By Wendy Strgar
I write entirely to find out what I’m thinking, what I’m looking at, what I see and what it means, what I want, and what I fear. -Joan Didion
This daily discipline of coming to terms with my daily life and myself in its midst could be called an exercise in self awareness. I have recognized more of myself – both the flaws and the gifts of who I am from this year of writing than probably any other single activity I have ever done. I have come to witness myself, or as Eleanor Roosevelt once described it: “Somehow we learn who we really are and then live with that decision.”
Finding a clear vision of oneself that looks authentically at not only what we are doing, but more importantly how we do it every day, changes you. Your consciousness changes when you witness your abilities, frailties and virtues. You become responsible for yourself and kinder to yourself in the process because you are no longer a stranger to yourself. Most people don’t take the time and effort it takes to become one’s own friend. Worse still most of us are never taught that this first friendship to ourselves is the one that will make the difference about all the rest.
Doubt and fear about our own self worth is the most common of all human diseases of the heart. Even the most successful people in the world are often dogged and coerced by the parts of themselves they most want to avoid. The tragic thing about our broken pieces is that the longer we push them away and underground, the more broken they become. They grow in our avoidance and even as we avert our eyes or try any number of ways to deny them, they take up more room inside of us.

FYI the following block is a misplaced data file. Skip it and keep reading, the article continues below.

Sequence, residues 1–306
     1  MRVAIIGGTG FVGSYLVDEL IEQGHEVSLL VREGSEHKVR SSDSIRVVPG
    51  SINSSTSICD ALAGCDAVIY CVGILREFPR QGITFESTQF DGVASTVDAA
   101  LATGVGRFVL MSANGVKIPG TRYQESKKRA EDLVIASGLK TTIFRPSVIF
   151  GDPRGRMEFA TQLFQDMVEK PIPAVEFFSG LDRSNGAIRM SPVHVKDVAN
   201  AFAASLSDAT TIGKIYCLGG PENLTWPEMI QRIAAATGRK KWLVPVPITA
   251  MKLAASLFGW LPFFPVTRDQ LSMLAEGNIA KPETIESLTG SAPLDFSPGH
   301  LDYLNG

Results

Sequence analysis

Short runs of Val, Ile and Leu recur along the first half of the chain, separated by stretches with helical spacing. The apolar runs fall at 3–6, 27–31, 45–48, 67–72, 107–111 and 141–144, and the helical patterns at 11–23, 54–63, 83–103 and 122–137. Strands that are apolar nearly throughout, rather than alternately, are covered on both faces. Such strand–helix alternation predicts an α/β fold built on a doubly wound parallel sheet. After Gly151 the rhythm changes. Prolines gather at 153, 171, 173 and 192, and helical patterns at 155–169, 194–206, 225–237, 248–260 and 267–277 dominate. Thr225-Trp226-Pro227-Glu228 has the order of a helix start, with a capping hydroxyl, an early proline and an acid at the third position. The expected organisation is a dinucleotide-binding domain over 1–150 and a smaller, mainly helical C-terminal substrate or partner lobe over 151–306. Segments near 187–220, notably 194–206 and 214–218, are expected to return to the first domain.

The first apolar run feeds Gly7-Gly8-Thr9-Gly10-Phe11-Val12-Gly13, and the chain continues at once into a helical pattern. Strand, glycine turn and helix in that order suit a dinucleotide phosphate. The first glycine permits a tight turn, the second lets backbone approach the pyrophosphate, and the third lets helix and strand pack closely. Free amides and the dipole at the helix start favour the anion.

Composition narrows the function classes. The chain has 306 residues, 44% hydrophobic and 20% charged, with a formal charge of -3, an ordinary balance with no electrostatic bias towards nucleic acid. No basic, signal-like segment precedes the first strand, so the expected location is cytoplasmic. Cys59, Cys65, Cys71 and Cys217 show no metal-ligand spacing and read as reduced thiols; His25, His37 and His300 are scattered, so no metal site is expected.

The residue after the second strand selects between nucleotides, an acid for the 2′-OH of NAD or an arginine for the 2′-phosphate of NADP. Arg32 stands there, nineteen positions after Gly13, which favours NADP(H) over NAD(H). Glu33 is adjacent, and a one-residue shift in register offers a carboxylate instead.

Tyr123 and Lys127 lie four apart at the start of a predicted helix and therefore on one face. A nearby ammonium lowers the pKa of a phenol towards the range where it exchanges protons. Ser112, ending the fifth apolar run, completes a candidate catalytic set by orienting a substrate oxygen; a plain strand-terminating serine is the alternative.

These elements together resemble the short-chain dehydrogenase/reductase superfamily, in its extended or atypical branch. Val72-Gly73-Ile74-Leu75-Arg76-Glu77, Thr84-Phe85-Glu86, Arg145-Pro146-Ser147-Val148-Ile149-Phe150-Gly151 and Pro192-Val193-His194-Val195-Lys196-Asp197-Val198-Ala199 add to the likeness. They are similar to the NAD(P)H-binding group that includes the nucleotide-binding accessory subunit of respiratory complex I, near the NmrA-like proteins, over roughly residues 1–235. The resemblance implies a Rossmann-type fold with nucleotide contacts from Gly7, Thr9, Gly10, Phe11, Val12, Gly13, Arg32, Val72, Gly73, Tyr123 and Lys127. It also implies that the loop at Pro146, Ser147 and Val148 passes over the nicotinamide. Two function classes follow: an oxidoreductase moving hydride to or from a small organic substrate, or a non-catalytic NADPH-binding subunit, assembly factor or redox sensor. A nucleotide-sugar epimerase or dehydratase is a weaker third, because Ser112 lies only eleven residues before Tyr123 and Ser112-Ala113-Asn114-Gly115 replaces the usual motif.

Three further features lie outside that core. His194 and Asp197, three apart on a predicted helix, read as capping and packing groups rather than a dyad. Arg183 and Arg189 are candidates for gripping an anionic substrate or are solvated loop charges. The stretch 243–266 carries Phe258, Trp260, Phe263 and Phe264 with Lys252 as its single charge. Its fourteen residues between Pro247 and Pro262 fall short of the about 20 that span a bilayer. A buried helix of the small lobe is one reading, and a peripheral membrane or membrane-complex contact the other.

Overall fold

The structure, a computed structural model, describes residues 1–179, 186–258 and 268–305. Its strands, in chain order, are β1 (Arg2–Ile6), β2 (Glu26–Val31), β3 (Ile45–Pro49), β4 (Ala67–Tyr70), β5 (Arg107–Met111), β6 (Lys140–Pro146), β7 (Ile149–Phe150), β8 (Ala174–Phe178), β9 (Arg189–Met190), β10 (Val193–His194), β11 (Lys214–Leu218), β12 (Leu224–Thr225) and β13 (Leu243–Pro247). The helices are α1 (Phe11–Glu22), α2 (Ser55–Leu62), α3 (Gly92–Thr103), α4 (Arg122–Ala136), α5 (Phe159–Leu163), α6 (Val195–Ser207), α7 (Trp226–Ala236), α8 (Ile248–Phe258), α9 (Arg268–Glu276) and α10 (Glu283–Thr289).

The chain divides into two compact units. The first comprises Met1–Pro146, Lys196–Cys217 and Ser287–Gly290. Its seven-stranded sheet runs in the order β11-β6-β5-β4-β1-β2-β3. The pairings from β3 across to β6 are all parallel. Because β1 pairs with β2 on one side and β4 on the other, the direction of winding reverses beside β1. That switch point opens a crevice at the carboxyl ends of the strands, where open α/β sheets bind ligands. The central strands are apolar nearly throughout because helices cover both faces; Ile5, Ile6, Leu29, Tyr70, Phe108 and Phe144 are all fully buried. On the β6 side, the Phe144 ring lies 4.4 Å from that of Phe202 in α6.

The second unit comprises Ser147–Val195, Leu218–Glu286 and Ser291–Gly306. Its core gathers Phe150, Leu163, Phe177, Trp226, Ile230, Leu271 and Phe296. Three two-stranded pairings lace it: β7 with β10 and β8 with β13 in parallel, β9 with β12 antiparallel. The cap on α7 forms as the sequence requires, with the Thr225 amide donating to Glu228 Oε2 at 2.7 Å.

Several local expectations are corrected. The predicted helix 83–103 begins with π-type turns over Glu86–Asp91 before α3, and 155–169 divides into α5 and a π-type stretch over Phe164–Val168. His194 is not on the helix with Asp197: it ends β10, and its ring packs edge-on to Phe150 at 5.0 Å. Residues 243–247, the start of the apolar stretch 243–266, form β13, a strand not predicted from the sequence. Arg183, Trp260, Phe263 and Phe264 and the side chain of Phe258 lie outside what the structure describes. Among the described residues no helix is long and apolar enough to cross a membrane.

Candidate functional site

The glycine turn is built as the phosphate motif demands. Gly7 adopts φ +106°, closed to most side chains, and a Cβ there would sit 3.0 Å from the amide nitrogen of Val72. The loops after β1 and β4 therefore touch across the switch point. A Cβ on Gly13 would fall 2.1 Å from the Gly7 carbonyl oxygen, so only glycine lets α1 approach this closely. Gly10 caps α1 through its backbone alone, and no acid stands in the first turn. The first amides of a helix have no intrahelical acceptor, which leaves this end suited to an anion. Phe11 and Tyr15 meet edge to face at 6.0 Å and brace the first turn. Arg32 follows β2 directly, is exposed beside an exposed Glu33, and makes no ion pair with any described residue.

Here is a simple magic that I promise you works. Whatever is most hidden and dark is only seeking your recognition. All that we need to do is shine a light on the deep corners inside of us. The grief, fear, and guilt shrink as we witness it. Allowing the feelings to exist and pass through our bodies is how they leave us. Even the fears that seem as though they will paralyze us if we look in their direction, they too will let go their hold, just by resting our gaze on them.
Know thyself. This is the first great commandment of living a human life on earth. Lao Tzu put it like this: “Knowing others is wisdom, knowing yourself is Enlightenment.”
Wendy Strgar, owner of Good Clean Love, is a loveologist who writes and lectures on Making Love Sustainable, a green philosophy of relationships which teaches the importance of valuing the renewable resources of love and family. Wendy helps couples tackle the questions and concerns of intimacy and relationships, providing honest answers and innovative advice. Wendy lives in Eugene, Oregon with her husband, a psychiatrist, and their four children ages 11-20.
Picture Credit : CartoonStock.Com